MUSIC

Kendrick Lamar And The Sad History Of Grammy Snubs

To Pimp A Butterfly is the latest in a line of great albums not to win the top award at the Grammys

MUSIC
If history is any indicator, Kendrick Lamar is screwed. — (Photo Illustration: Diana Quach/Vocativ)
Feb 16, 2016 at 8:00 AM ET

Kendrick Lamar’s To Pimp A Butterfly should have been a shoo-in for Album of the Year at the 2016 Grammys. (It was objectively the best album of 2015 and you’re not allowed to argue this.) But unfortunately, this is the National Academy of Recording Arts and Sciences we’re dealing with, and more often than not, it gets things wrong. Very, VERY, wrong. That means Taylor Swift walked away with the show’s top honor. And in case you forgot, Taylor Swift did not release the album of the year in 2015. Kendrick Lamar did.

It’s no secret that the actual best albums of any given year often fail to make it onto the Grammy radar, but occasionally, someone with sense makes the right call. And every once in awhile, the Grammys do the right thing, like giving Arcade Fire the crown in 2011 for The Suburbs.

More frequently, the nominees have been uniformly trash, and picking a winner wasn’t entirely dissimilar from a mercy killing. (Tony Bennett Unplugged, anyone?) But very regularly, the most infuriating moments the Grammys have come when it manages to nominate one, two, or even three genuinely great albums that would go on to be discussed for years to come, only to hand the award to an album which pales in comparison. It’s almost enough to make you think voting committee is solely comprised of old white men who treat Ken Burns’ Jazz as their musical bible, and who assume “King Kunta” is a song from the original soundtrack to Roots. (“King Kunta” is actually a song from Kendrick Lamar’s To Pimp A Butterfly, which was the best album of 2015.)

Even if you limit this discussion to winners since 1990, the number of these Grammy snub atrocities is enough to make someone cry. I hope you’re ready to cry, because I’m willing to bet Kendrick already did.

1994: R.E.M.’s Automatic For The People–the band’s best album in nearly a decade, and which finished third in the Village Voice’s annual Pazz and Jop poll–loses to The Bodyguard Soundtrack because Whitney Houston came through with one epic song.

1997: In a very excellent music year where The Fugees’ The Score, Beck’s Odelay, and The Smashing Pumpkins’ Mellon Collie and the Infinite Sadness were all nominated (good job, Grammys!), the Grammys goes and gives the award to… Celine Dion’s Falling Into You, an album that someone with a photographic memory couldn’t name three songs which appeared on it. (Very bad job, Grammys!)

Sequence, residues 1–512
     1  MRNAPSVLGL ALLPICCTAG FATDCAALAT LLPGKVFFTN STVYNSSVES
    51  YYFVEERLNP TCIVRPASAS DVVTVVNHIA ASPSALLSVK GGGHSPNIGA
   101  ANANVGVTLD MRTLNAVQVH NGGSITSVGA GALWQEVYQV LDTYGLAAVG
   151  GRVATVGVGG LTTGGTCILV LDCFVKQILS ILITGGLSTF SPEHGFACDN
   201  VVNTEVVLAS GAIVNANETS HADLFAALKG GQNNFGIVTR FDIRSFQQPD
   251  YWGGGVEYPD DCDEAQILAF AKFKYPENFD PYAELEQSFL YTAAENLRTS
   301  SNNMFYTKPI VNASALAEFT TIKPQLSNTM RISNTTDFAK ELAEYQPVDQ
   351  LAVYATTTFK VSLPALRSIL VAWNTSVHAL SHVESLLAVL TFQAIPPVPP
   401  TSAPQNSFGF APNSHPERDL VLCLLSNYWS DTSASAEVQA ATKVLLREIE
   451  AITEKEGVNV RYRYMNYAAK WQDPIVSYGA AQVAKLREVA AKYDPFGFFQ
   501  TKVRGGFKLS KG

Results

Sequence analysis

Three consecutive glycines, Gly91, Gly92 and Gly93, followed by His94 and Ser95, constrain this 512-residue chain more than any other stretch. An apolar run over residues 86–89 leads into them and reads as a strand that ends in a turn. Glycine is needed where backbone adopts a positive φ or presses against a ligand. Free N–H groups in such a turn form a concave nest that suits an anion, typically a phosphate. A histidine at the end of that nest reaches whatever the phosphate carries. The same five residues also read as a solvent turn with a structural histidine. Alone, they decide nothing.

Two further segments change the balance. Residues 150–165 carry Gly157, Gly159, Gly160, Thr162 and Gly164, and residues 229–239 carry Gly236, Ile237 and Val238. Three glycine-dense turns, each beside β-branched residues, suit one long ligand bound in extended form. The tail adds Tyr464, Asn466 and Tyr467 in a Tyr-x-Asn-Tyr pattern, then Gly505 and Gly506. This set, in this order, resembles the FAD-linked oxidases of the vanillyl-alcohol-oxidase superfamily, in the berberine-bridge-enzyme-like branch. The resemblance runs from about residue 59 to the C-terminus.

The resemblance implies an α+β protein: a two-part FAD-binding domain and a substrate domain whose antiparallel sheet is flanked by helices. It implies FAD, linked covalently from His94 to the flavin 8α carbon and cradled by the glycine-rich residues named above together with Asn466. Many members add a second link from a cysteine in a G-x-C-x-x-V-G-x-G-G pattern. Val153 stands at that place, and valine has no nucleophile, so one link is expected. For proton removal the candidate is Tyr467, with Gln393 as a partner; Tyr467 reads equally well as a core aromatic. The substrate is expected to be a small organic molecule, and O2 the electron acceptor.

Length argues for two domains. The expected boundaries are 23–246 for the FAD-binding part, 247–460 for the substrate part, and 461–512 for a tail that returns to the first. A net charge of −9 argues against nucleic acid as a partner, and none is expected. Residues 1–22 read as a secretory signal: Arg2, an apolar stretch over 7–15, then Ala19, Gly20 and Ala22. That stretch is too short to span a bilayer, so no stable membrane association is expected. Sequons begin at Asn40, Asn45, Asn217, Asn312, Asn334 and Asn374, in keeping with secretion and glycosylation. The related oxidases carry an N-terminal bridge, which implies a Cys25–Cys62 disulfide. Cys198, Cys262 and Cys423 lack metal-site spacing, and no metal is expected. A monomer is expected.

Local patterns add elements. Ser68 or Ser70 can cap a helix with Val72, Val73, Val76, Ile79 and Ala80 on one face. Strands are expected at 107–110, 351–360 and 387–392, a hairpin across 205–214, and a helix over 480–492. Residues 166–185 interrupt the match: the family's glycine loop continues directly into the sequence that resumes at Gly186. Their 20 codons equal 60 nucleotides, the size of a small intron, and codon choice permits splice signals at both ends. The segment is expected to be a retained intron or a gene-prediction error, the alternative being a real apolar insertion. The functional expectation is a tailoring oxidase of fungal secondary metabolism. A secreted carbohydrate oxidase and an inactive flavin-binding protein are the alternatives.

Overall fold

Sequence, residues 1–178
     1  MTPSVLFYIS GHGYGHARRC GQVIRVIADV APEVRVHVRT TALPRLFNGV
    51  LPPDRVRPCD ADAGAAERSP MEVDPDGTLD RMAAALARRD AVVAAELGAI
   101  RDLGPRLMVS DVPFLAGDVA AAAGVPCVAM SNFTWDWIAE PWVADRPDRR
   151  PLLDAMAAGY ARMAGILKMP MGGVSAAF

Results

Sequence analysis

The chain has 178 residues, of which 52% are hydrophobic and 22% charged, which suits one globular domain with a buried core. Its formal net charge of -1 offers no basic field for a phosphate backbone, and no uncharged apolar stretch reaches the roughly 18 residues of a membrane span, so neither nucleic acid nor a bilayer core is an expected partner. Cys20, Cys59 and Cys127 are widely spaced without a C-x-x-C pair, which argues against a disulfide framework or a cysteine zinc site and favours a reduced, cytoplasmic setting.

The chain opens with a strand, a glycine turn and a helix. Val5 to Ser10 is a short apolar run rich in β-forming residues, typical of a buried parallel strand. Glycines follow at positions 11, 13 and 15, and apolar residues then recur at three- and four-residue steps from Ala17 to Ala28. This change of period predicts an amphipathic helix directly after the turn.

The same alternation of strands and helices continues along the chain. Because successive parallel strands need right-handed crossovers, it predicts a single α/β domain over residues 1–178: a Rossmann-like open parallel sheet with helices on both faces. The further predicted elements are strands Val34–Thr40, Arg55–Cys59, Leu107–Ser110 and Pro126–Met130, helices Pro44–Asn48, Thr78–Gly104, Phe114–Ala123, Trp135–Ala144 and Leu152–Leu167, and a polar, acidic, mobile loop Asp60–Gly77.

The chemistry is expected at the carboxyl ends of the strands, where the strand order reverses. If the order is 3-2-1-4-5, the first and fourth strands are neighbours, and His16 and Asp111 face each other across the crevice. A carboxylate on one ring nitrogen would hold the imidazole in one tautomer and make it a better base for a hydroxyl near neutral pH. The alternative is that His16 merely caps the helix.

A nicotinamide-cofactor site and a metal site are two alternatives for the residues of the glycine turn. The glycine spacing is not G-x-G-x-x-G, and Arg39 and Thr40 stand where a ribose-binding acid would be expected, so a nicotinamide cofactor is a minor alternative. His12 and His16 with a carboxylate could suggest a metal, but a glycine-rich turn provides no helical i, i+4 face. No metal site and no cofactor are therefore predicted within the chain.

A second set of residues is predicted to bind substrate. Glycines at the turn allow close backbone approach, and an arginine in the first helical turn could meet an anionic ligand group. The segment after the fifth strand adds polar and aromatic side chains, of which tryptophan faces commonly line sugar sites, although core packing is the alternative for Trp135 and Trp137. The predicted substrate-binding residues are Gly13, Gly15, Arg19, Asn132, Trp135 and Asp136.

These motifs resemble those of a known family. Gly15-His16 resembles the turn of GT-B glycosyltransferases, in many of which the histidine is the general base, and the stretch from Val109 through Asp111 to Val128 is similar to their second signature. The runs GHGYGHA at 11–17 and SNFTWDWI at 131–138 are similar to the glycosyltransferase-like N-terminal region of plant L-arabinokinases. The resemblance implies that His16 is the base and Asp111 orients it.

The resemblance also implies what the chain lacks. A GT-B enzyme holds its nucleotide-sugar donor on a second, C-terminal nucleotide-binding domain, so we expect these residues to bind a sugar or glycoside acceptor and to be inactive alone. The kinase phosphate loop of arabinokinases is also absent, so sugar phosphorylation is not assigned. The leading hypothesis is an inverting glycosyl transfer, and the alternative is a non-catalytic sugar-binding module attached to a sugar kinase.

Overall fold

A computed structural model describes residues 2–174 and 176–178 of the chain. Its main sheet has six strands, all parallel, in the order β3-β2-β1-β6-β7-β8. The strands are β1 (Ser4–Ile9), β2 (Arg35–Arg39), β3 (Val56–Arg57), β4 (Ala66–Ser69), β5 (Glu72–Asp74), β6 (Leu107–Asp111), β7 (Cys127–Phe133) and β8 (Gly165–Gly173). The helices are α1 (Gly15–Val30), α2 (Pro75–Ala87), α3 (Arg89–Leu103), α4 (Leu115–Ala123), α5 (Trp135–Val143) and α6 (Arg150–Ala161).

1998: Radiohead is nominated for OK Computer, perhaps its most revered album of its A+ discography, and one that has since popped up on a litany of “Best Of” lists. The Grammys decide to give the top honor to Bob Dylan’s Time Out Of Mind, a very good album in its own right, but one that is not OK Computer. To be fair, OK Computer’s legacy is one that largely grew in the years following its release, but if the Grammys could go back and retroactively change any year’s results, it might be this one.

2001: In the year leading up to the 2001 Grammys, Radiohead follows up OK Computer with the just-as-good Kid A, while Eminem drops the controversial-but-brilliant Marshall Mathers LP. But because Radiohead used some devil machines known as “synthesizers,” and Eminem said a few too many scary things, Steely Dan ends up winning album of the year for Two Against Nature, whose greatest legacy was reminding the world that Jazz Rock still existed.

2002: Why recognize an inventive, futuristic, brilliant album like Outkast’s Stankonia, when you can instead give the award to the O Brother, Where Art Thou Soundtrack, a glorified rehash of Bluegrass tracks from the paleolithic era? (Answer: The fifth Grammy commandment says that thou shalt honor anything produced by T Bone Burnett.)

2005: Kanye West’s The College Dropout makes the list, which set the tone for the next five years of hip-hop, but instead Ray Charles wins for the Starbucks-favorite Genius Loves Company. Surely, this wasn’t a decision motived by the fact that Charles had died in the year prior and subsequently had a blockbuster biopic made about his life. No, not at all.

2008: You’d think if any album had a shot at the Grammys, it would be Amy Winehouse’s Back To Black, an end-to-end great album which managed to draw inspiration from ’60s soul while still sounding fresh and original. But nah, when it comes to the Grammys and nostalgia, it could never compare to Herbie Hancock covering an album’s worth of Joni Mitchell songs.

2009: In a year where Carter III made the shortlist, Lil Wayne loses to a fiddle player. Let me repeat that: Lil Wayne loses to a fiddle player.

2013: I could try and say something about Mumford and Sons’ very mediocre album Babel winning out over Frank Ocean’s universally-adored Channel Orange, but I’m physically and mentally incapable. I give up.

2016: R.I.P.